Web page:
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Australian winery returns to cork

Australian winery Rusden Wines has announced it is giving up on screwcap closures after five years as a result of persistent quality control issues and will now bottle its entire product range under cork.

Rusden winemaker Christian Canute says the Barossa Valley winery had experienced a range of problems with its wine under screwcap and the decision to return to cork was based purely on technical performance.

“Our wines are handmade and bottled without fining or filtration. Under a screwcap I have noticed the wines ‘sweat’, producing overly dominant reductive characters, a problem we have never had under cork.”

Canute says that Australian sommeliers had provided feedback that confirmed the reductive, ‘sweaty’ characters he was experiencing in the winery with the wine under screwcap. Trade customers were also experiencing a great deal of bottle variation, which again Rusden had not encountered with its wines bottled under cork.

Following further technical analysis and tasting Rusden determined that the screwcap closure was the cause of the problems and when the entire 2009 vintage of its Driftsand grenache/shiraz was affected decided to change the closure.

In recent years, the world’s leading cork producer Amorim has experienced a return to cork by wineries in a number of key markets as well as the UK retail sector.

Last year iconic South African winery Klein Constantia returned to cork to seal its premier white wine, the Perdeblokke sauvignon blanc. The decision was driven by concerns over reductive characters under screwcap.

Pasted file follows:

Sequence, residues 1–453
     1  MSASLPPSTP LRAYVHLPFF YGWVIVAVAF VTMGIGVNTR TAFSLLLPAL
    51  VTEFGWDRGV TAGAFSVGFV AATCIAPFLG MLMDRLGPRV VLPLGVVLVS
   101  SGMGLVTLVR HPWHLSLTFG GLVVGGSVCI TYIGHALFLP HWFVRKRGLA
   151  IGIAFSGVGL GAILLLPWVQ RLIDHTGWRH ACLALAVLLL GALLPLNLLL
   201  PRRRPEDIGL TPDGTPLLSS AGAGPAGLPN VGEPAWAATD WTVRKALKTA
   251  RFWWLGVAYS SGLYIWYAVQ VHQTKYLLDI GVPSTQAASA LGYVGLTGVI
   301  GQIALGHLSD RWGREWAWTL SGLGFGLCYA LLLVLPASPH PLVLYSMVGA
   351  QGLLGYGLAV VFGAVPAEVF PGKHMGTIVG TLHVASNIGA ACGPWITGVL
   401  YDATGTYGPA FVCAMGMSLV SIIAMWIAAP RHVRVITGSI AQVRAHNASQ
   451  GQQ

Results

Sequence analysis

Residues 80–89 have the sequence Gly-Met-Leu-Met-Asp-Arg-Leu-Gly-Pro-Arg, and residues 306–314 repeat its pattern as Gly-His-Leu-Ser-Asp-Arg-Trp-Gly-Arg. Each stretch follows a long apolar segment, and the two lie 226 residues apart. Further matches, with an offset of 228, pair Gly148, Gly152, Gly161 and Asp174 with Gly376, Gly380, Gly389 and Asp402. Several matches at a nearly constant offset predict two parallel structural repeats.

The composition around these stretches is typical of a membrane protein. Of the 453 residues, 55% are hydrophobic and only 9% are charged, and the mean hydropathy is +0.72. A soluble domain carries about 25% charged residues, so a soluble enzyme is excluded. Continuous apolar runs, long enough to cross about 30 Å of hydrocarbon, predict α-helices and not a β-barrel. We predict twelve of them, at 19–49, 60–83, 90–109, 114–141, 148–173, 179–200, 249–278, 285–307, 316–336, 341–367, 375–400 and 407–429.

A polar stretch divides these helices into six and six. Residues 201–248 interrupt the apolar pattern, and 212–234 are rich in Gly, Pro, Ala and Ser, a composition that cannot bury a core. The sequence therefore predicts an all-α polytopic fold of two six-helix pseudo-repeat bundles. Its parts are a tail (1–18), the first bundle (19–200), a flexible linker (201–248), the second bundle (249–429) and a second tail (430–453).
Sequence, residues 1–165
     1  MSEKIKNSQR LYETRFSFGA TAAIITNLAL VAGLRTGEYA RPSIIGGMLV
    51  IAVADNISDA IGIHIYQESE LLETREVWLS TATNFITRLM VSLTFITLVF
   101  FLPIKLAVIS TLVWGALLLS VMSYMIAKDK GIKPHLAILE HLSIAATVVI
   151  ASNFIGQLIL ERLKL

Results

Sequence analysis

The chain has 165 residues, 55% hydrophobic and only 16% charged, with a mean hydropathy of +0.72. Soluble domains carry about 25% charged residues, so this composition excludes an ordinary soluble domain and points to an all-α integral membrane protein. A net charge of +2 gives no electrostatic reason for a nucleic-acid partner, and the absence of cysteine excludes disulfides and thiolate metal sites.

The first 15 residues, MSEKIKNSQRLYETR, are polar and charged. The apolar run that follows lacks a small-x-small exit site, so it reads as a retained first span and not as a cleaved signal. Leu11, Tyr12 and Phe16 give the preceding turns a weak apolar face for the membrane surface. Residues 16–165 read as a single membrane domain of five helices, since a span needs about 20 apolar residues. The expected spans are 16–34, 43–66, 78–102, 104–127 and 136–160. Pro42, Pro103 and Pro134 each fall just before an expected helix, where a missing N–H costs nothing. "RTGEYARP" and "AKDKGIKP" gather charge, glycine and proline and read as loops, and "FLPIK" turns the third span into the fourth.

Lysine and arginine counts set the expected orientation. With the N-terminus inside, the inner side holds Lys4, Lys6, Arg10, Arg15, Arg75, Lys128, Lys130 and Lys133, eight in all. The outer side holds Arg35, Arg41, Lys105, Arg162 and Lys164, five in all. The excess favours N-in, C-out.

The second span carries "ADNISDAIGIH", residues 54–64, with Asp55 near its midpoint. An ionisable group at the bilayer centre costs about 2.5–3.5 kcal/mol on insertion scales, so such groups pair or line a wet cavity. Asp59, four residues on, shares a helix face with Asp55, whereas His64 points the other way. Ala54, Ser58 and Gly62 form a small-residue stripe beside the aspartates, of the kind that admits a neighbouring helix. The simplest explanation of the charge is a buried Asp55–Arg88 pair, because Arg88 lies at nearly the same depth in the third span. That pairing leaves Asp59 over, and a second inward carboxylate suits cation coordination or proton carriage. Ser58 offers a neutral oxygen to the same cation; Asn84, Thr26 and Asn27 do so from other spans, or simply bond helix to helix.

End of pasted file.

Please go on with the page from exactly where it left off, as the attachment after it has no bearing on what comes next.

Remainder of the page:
Napa Valley-based Rutherford Wine Company has moved from synthetic closures back to cork citing both environmental and technical benefits.

In the UK, large retailers have switched products back to cork for environmental reasons.

“We believe wineries and major retailers are returning to cork because of consumer preference, vast improvements in the quality of cork, the emerging limitations of alternative closures and a growing awareness of cork’s environmental advantages,” said Amorim’s director of marketing and communication Carlos de Jesus.

In 2010 Amorim recorded its best ever annual sales result, selling more than 3 billion cork wine stoppers. This represented 26 per cent of total cork stopper sales for the year and gave Amorim greater sales volume than any type of alternative wine closure. The 2010 result gave Amorim sales volume growth of 13.8 per cent.

Amorim surpassed its 2010 sales result in 2011, increasing its sales volume by 243 million cork stoppers and again increasing market share at the expense of alternative closures.




1 August 2012 - Felicity Murray